By Ann Silverthorn
A recent survey conducted by GlassHouse Technologies, a storage consulting and services provider, reveals that of the 344 participating companies 54% have no documented procedures for protecting stored data from theft or tampering, and a whopping 69% of executives rate their storage departments’ security readiness as “fair” or “poor” (see figure). The storage security report is the first in a planned series on data storage issues by GlassHouse.
The findings from the 2005 Storage Security Survey were based on the responses of executives in government, telecommunications, technology, energy, financial services, aerospace, and healthcare industries worldwide.
The survey revealed that although CEOs and CIOs consider data storage protection to be one of the top IT issues for 2006, they are often operating under false assumptions. For instance, the lack of documented procedures for protecting stored data shows that these executives believe stored data is not as vulnerable as data on the LAN. For many companies, SANs are new and are seen as “islands” separated from the primary network. But the GlassHouse report disputes that view: “SAN infrastructures are expanding and are being connected to more and more systems. …In addition, most SANs are accessed for management purposes via the LAN.” The report concludes that “this dramatically increasing accessibility requires that SAN networks be treated with the same level of security that organizations apply to their corporate LANs.”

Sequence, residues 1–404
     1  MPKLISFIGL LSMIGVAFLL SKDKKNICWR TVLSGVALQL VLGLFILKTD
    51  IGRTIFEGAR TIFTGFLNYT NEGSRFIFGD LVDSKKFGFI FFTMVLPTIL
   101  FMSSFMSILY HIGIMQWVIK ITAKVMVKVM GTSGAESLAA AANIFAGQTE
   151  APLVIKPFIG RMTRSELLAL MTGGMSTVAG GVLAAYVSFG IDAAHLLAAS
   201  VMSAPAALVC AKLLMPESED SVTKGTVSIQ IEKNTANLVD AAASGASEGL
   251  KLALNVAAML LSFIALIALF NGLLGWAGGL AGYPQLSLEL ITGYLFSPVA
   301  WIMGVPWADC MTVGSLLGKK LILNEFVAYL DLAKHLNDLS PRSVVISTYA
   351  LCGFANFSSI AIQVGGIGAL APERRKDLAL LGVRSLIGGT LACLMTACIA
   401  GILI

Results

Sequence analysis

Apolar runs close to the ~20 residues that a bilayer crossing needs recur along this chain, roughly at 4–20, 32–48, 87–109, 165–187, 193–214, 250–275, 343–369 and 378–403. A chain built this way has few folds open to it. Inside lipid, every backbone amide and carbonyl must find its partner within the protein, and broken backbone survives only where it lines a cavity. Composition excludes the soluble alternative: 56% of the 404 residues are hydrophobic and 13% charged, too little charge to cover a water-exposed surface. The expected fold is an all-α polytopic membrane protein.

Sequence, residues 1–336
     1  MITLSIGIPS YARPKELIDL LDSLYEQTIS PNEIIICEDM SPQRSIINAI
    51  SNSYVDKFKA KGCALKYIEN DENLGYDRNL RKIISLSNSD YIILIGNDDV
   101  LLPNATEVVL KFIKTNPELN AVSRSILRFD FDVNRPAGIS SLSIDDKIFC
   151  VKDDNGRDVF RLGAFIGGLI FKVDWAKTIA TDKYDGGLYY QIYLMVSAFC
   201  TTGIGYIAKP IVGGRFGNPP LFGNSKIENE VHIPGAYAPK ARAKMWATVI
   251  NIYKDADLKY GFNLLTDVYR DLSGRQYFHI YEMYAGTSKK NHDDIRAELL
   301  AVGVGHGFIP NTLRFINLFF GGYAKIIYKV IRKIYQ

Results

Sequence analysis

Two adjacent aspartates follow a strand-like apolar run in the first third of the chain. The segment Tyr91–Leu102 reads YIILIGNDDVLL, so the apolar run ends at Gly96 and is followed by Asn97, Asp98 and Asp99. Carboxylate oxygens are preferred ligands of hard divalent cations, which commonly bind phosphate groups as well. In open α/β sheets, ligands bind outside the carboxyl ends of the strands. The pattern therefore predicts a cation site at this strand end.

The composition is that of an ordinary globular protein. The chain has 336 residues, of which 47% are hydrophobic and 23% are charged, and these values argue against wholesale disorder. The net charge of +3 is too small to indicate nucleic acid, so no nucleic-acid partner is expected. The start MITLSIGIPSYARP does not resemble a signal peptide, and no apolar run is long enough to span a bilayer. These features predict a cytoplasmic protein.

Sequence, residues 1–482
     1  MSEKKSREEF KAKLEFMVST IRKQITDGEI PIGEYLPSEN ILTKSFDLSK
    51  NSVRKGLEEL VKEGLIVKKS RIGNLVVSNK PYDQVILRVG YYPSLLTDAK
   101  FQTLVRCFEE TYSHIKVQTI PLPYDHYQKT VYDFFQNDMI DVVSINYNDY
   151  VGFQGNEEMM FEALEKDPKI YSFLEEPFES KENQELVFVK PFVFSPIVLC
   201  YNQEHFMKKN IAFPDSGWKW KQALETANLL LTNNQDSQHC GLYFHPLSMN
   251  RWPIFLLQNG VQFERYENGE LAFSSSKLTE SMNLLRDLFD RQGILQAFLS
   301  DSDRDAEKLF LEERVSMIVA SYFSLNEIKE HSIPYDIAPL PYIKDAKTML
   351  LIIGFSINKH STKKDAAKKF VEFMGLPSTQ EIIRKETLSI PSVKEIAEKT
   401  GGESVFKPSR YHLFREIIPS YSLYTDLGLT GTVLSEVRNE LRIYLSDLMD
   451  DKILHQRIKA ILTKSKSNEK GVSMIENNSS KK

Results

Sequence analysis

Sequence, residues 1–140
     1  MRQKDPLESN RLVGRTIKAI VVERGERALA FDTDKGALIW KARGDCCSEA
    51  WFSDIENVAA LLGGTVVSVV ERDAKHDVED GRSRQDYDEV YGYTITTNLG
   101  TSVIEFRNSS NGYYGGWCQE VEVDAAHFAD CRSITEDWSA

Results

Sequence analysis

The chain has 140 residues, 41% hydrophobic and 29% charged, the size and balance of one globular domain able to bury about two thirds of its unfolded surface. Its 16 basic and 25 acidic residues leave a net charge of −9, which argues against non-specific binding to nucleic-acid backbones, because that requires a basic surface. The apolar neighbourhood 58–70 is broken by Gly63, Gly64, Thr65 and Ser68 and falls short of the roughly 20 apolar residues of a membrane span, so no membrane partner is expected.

When considering online and offline data, 62% of the executives surveyed believe that online data poses more security threats than offline data (see figure), even though internal users have greater access to sensitive data. However, GlassHouse believes that the threat to offline data is under-rated. Security measures for online data are well-established, but the media where offline data is stored (e.g., backup tapes) is highly vulnerable to outside attacks.
Although they under-rate the threat to offline storage, the IT executives surveyed are in general highly aware of outside threats to their organizations. The survey also found that 61% of the respondents believe that external threats are more dangerous than internal ones. However, this is a mistaken assumption because internal users often have more access to sensitive data than is necessary.
Whether data resides online or off-line, or threats come from outside or inside, data that is not encrypted is vulnerable. In the GlassHouse survey, 80% of the companies do not use encryption for their backup data (see figure), despite highly publicized cases of backup tapes being stolen or lost.
In the past, this was understandable because of cost and complexity, but encryption technologies have been evolving, making key management easier, so GlassHouse strongly recommends that companies consider encrypting their backup data.
The primary motivating factor for executives to research storage security solutions is compliance.
“The survey results clearly show that those of us in the storage data security field have a lot of educating to do,” says W. Curtis Preston, GlassHouse’s VP of data security.
“Over the last year we’ve seen a steady increase in the number of CEOs and CIOs getting directly involved in data storage issues. That suggests to us that storage security is going to be near the top of the IT agenda.”
(Note: This survey and a white paper on best practices in storage security, “A 5-step Guide to Protecting Backup Data, Best Practices You Can’t Afford to Overlook,” are available at www.glass house.com.